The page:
Friday, December 16, 2011

Ve Haf Vays of Making You Talk Funny

Folks have talked before about the Hollywood phenomenon of having ancient Romans speak with British accents.  There is a logic to this illogical representation.

Classic American films about ancient Romans often were intended to be "classy" by Hollywood standards, and Americans long associated High Brow theater with British accents, and because of associations with Shakespeare's Julius Ceasar in particular.

"Who shtole ze decalz offen mein Rubik's Cube?"
While watching Captain America: The First Avenger recently, I thought of a related question.  Disregarding the host of things puzzling about that film -- its understanding of physics, human motivations, and narrative logic,  to name a few things -- its use of haphazard German accents made me wonder: Do American characters in foreign productions speak those languages with American accents?

The film is set during World War II, and the Nazi characters speak their lines with German accents.  This is true when they are speaking to the American characters in English and when they are speaking to each other in what we assume would be German. 

I switched the language setting to French and watched some scenes.  I could discern no difference in the accents between the Americans and the Germans in French, although in the English original there is clearly a difference.  Do French-speaking audiences not have trouble believing the German characters are German when they speak with French accents?

But Captain America was produced by Americans with an American audience in mind.  What about a German production?  Do American characters in a German film speak in German with an American accent? 

Spay-kan zee doytch, y'all?

But I am stumped for an answer.  I cannot think of a foreign film with American characters speaking in the audience's language.  If you know of some, please offer some titles in the comments below.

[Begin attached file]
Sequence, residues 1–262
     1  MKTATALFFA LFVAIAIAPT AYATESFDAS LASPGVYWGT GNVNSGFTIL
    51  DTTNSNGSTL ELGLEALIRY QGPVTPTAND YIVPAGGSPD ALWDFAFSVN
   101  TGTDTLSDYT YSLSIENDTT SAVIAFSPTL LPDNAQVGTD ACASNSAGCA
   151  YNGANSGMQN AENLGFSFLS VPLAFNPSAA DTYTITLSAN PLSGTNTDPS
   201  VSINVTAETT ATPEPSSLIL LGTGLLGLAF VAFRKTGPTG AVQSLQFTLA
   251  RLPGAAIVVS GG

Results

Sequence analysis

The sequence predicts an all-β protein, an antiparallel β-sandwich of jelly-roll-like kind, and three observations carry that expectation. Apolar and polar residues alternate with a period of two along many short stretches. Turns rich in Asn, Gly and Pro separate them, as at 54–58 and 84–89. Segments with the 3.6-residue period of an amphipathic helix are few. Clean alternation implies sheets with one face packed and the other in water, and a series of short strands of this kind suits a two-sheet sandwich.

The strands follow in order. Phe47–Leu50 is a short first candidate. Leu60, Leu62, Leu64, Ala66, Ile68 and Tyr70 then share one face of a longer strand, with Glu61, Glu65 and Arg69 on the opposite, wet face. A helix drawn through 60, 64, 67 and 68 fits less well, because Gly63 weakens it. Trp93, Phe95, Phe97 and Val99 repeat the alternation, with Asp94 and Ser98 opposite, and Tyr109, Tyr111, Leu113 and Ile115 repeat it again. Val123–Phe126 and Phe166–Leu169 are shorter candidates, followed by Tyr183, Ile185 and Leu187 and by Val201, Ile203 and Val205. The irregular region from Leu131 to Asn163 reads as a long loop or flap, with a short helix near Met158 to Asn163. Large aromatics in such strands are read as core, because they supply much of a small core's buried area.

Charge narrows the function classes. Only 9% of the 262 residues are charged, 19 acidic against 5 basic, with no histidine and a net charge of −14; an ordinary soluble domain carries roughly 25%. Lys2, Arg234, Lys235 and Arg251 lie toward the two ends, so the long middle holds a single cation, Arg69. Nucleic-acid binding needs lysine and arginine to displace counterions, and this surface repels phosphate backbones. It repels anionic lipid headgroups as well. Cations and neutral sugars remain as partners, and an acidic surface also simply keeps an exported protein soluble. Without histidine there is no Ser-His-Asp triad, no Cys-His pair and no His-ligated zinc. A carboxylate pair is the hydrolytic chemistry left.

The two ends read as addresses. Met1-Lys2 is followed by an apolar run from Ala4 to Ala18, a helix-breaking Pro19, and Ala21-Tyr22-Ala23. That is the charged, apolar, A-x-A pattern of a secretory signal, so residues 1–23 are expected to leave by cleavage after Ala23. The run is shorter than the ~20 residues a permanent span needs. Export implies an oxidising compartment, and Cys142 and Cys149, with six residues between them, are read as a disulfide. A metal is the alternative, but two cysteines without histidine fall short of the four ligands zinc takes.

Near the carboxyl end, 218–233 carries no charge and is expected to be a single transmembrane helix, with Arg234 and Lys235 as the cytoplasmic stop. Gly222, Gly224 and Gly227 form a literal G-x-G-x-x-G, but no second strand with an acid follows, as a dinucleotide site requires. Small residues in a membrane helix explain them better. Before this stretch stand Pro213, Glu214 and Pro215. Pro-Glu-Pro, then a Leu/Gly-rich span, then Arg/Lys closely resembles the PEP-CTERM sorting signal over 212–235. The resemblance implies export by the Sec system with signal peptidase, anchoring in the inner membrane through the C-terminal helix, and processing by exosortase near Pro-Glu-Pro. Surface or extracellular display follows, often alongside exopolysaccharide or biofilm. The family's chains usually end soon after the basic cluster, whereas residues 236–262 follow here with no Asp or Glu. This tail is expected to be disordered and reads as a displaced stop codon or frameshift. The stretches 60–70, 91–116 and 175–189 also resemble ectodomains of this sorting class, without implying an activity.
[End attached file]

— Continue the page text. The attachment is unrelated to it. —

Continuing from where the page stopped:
Thinking about these German accents made me think about Realism.  When American writers and editors changed the way they wrote fiction in the mid- to late-1800s, they did so because they wished their literature to be more like real life.  William Dean Howells, one of the grandfathers of American Realism, wrote: “Let not the artist, then, endeavor to add anything to reality, to turn it and twist it, to restrict it."

Some of these writers thought they were writing life without embellishment, without a "turn" and a "twist."  But eventually most came around to understand that Realism was itself an affect, a method not for presenting life as it truly is but for tricking the reader into believing this.  The Realists accused the Sentimentalists and Romanticists of being artificial, too contrived... unrealistic... in their plots and in their narrations.  But Realism was also an artifice, a man-made thing created to fool the senses of the audience for its enjoyment and edification.

Escorting George Lucas's money to the banking planet.
Using German-accented English to represent German speech is somehow more realistic to an American audience than having the characters speak in American English, regardless of how this does not reflect what would actually be happening.

It is like the roar of TIE fighters in the Star Wars movies.  In deep space, there is no sound.  But watching silent spaceship dogfights does not create enough sensation of movement and danger for the audience.  So, to make it seem "more real," the sounds are added. 

The German accents and the sound of spaceships are used not because they are true to reality, but because they are more realistic -- they fool us more pleasingly.

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